IEEE Kingston Section

April 6th, 2017

The  IEEE Kingston Joint Communications and Computer Chapter is proud to sponsor the following IEEE lecture:

Telecommunication Engineering as Distinct Education Discipline – Reflections on the TEE Movement and Project ISTEE

Date:        Thursday, April 13th, 2017.

Time:       1:30PM

Venue:     WLH302 , Walter Light Hall, Queens University, Kingston.

Speaker:  Dr. Tarek S. El-Bawab, Dept. of Electrical and Computer Engineering, Jackson State University (USA)

Abstract: In this talk, we discuss recent efforts which led to recognition of telecommunication engineering (TE) as a distinct education discipline in the US and other countries. These efforts have concluded by the Accreditation Board for Engineering and Technology, Inc., (ABET) approval of its new Criteria for Electrical, Computer, Communications, Telecommunication(s) and Similarly Named Engineering Programs. We reflect on the history of the Telecommunication Engineering Education (TEE) initiative and movement (2008-2014) which resulted in this development. We discuss the impact of progress in Network Science and Engineering and the evolution of the Internet on modern Telecommunications, and examine these developments in light of other developments in the arena of engineering education.
The talk will look into the work that needs to be done to capitalize on these events and developments in several areas/directions; and the roles of numerous stakeholders thereto. For example, Telecom is an area of high standardization activity and the new discipline requires curricular components, syllabi, course(s) and innovative instruction methods to fill a knowledge gap in this particular area. We discuss ongoing efforts that are proceeding forward in this regards through a project ISTEE (Integrating Standards into Telecommunication Engineering Education). This project is a partnership now involving US academia, industry, the US Department of Commerce’s National Institute of Technology (NIST), and the Institute of Electrical and Electronic Engineers (IEEE).

Speaker Bio: Tarek S. El-Bawab led the Telecommunication Engineering Education (TEE) initiative and movement (2008-2014), which resulted in recognition of telecommunication engineering as a distinct ABET-accreditable education discipline on November 1, 2014. He is the first recipient of the IEEE Communications Society’s (ComSoc) Education Award, due to this work (2015). The citation of this award reads: “for outstanding contributions to the definition, and to the accreditation criteria, of modern communication/telecommunication engineering education; and for making changes to our education system that benefit our community, society, and the profession.”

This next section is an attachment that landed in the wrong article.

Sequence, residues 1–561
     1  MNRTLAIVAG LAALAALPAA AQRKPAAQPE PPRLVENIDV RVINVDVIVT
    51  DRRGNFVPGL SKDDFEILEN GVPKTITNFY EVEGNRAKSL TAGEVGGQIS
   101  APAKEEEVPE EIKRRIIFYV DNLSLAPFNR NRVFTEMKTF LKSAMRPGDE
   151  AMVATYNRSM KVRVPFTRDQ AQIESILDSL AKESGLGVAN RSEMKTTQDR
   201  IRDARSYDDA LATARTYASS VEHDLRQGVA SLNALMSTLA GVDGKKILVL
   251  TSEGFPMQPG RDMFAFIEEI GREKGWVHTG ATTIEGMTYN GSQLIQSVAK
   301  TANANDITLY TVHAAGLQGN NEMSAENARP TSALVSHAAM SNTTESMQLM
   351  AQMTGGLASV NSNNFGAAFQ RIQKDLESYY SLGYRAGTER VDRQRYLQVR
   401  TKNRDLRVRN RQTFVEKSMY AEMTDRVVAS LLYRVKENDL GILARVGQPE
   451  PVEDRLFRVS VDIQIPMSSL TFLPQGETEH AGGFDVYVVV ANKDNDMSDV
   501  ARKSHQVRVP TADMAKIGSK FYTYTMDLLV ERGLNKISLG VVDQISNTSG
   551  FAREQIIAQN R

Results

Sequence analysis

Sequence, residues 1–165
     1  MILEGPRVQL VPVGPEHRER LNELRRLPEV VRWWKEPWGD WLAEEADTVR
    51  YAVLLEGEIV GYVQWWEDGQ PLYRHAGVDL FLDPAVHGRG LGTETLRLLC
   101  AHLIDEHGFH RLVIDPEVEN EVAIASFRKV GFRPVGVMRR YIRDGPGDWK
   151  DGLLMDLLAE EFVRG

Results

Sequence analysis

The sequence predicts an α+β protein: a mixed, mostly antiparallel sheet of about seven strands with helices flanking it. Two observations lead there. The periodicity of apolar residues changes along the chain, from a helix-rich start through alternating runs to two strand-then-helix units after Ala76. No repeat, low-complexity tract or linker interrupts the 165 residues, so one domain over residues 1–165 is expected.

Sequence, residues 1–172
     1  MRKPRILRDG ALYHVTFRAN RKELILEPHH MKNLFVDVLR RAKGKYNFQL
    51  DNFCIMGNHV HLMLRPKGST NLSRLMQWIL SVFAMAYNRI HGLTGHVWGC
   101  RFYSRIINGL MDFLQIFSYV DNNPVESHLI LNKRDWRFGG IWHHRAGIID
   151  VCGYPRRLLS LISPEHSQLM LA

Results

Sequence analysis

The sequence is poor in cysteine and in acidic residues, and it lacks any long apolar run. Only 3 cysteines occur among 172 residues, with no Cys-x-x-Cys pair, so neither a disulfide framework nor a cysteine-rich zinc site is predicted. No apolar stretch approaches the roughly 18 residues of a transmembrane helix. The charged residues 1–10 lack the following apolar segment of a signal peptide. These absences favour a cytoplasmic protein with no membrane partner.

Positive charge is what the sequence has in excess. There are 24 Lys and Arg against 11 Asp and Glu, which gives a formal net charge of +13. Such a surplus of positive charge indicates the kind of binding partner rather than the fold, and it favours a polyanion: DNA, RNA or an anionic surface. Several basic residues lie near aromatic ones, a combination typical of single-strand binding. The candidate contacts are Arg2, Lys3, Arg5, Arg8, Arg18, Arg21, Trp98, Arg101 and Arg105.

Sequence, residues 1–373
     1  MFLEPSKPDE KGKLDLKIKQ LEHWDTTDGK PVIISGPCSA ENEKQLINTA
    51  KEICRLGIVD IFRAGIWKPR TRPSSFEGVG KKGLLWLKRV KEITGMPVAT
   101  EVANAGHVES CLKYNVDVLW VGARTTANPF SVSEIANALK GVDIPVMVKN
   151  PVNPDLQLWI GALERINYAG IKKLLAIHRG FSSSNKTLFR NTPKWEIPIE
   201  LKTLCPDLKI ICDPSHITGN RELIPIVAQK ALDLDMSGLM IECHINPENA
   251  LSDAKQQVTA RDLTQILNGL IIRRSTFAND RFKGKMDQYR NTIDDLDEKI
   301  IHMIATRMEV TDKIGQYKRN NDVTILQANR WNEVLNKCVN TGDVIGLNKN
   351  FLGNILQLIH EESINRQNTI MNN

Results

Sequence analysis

Dr. El-Bawab research interests include telecommunications, network architectures, optical networks, performance analysis, enabling electronic/photonic technologies, telecom standards, and engineering education. Currently, he is with the Department of Electrical and Computer Engineering, Jackson State University (USA). Before this he was with Alcatel-Lucent (USA) as a Project Manager with the Network Strategy Group (CTO organization). Earlier, he was involved in networking research with a number of organizations, including Alcatel-Lucent (USA); the Department of Electrical and Computer Engineering, Colorado State University (USA); and the Department of Electronic Systems Engineering, University of Essex (UK). Before this he led large-scale international telecommunication projects in the Middle East for 10 years. He is Member of IEEE-Eta Kappa Nu (HKN) and an IEEE ComSoc Distinguished Lecturer. He has more than 70 scholarly journal/conference papers and patents. His book Optical Switching is one of the most comprehensive references in its subject. He is the Editor of Springer’s Series: Textbooks in Telecommunication Engineering, and the Associate Editor in Chief (AEiC) of the IEEE Communications Magazine.

Tarek has served IEEE and ComSoc in numerous capacities. He is Board Member of the IEEE Educational Activities Board (EAB), and of the EAB’s Committee on Global Accreditation Activities (CGAA). He is member of ComSoc’s Educational Services Board (ESB). He served as member of the Board of Governors, Director of Conference Operations, and member of the Online Content Board (OCB) of ComSoc (2014-2015). He is a founding/active member of several ComSoc technical committees, and served as Chair of the Transmission, Access, and Optical Systems (TAOS) Technical Committee for two terms. He has served as symposium chair, workshops Chair, and organizer in several ICC/Globecom Conferences, and organized/chaired the ICC/Globecom International Workshop on Optical Networking Technologies (IWONT) for 10 years. Tarek is also member of the IEEE Computer, Electron Devices, and Photonics Societies.
Dr. El-Bawab has a B.Sc. in electrical engineering, and a B.A. in history, both from Ain Shams University, Cairo, Egypt. He holds an M.Sc. in solid state science from the American University in Cairo, and an M.Sc. in telecommunications and information systems from the University of Essex, UK. He obtained his Ph.D. in electrical engineering from Colorado State University.

This seminar is open to the general public with free admission and refreshments. For further information, please contact Dr. Francois Chan

November 17th, 2016

The  IEEE Kingston Joint Communications and Computer Chapter is proud to sponsor the following IEEE lecture:

Advancements in the Internet of Things Leading to Big Sensed Data

Date:        Monday, November 28th, 2016.

Time:       2:00PM

Venue:     WLH302 , Walter Light Hall, Queens University, Kingston.

Speaker:  Dr. Sharief Oteafy, School of Computing, Queens University